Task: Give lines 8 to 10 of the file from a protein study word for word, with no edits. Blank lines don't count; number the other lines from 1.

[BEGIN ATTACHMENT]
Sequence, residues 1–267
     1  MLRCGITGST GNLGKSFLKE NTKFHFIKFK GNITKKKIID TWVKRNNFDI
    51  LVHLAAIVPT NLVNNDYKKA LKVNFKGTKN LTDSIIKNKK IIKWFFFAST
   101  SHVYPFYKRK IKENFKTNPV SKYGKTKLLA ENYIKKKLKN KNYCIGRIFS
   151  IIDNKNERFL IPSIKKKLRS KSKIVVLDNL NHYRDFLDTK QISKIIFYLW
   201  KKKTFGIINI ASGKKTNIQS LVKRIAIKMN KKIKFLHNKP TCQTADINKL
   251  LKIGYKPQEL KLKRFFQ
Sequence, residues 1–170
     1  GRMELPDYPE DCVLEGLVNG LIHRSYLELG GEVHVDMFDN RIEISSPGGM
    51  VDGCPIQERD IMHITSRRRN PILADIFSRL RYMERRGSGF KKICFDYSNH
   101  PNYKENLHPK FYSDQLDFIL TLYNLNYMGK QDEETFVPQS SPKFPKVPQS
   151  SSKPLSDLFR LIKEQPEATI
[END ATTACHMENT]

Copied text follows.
Sequence, residues 1–170
     1  GRMELPDYPE DCVLEGLVNG LIHRSYLELG GEVHVDMFDN RIEISSPGGM
    51  VDGCPIQERD IMHITSRRRN PILADIFSRL RYMERRGSGF KKICFDYSNH